The dreams of quantum startups about the stock market are losing touch

7 months ago

At the end of September, Righetti reported assets of $212 million and a net loss of $49 million for the year to date. The SPAC deal was originally expected to $458 million, pushing Rigetti’s valuation up to about $1.5 billion, but after some investors left, it raised slightly more than half the amount expected.

Quantum computing is a particularly volatile area of ​​investment. A technology designed to speed up computer processing by using quantum mechanics to solve complex problems is unlikely to be widely used for many years. Pricing and business practice standards have not yet been approved. Although companies like Volkswagen are experimenting with quantum computing, products and demand are not yet well established.

“In a way, SPACs are perfect for a company with huge potential but that will take some time to mature,” said D-Wave CEO Alan Baratz. fast company on its merger in August 2022. “With SPAC, you can leverage funding sources in public markets to accelerate your growth and do so based on future potential.” As of the end of September, D-Wave reported $39 million in assets and almost the same net loss in the first nine months of 2022, but the company has signed an agreement with a capital fund to provide an additional $150 million over three years. The company did not provide a comment for this story.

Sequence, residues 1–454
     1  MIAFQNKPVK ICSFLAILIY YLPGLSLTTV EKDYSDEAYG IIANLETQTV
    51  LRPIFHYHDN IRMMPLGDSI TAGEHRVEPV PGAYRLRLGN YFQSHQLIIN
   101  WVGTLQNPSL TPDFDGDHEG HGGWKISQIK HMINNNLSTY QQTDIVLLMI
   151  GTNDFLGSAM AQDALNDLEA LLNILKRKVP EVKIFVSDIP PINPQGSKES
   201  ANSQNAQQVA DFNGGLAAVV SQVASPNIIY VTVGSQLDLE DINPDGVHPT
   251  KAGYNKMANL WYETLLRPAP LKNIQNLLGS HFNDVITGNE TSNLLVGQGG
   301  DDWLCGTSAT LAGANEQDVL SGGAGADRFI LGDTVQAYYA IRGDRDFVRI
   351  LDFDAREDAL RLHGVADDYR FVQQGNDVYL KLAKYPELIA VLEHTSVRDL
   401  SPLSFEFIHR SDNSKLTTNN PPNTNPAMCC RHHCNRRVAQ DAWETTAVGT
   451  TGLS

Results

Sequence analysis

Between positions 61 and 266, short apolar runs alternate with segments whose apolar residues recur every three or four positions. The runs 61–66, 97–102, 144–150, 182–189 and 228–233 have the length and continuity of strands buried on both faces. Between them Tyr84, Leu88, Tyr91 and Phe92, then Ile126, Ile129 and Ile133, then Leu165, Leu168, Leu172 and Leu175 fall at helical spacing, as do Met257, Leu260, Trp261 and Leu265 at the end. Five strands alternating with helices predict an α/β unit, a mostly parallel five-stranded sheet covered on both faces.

Companies stand in the way of the SPAC they have taken, and some have significant reserves. Peter Chapman, president and chief executive officer of IonQ, says the company has teamed up with SPAC to raise a “significant” amount of capital needed. Company It was reported that it had $556 million in cash and investments in September, and a loss of $30 million in the year to date.

“IonQ is making outstanding progress at a time when other companies in our field are slowing down,” Chapman told WIRED in an email. The company is still hiring dozens positions, has worked with Dell and GE, and has enough money to move forward, Chapman says. “Based on our achievements to date, we continue to believe that the money we raised last year will fund IonQ for the foreseeable future.”

Quantum computing projects at giants like Alphabet and IBM can profit from their established businesses. But the smaller businesses that go all out on quantum computing need other sources of cash to ensure their long-term survival. SPACs have been an attractive source of money, but some companies that have used them may face repercussions.

“Unfortunately, SPACs allowed companies to go public earlier than they should have,” says Charles Cain, professor of international finance and leadership at MIT. “All SPACs are not bad, but a lot of them were bad because they were never supposed to be public.”

Kane says that this could create problems not only for those who bought shares, but also for companies trying to develop expensive and labor-intensive technologies. “Their access to capital becomes more limited when they go public,” says Kane. “It will affect their ability to develop further.”

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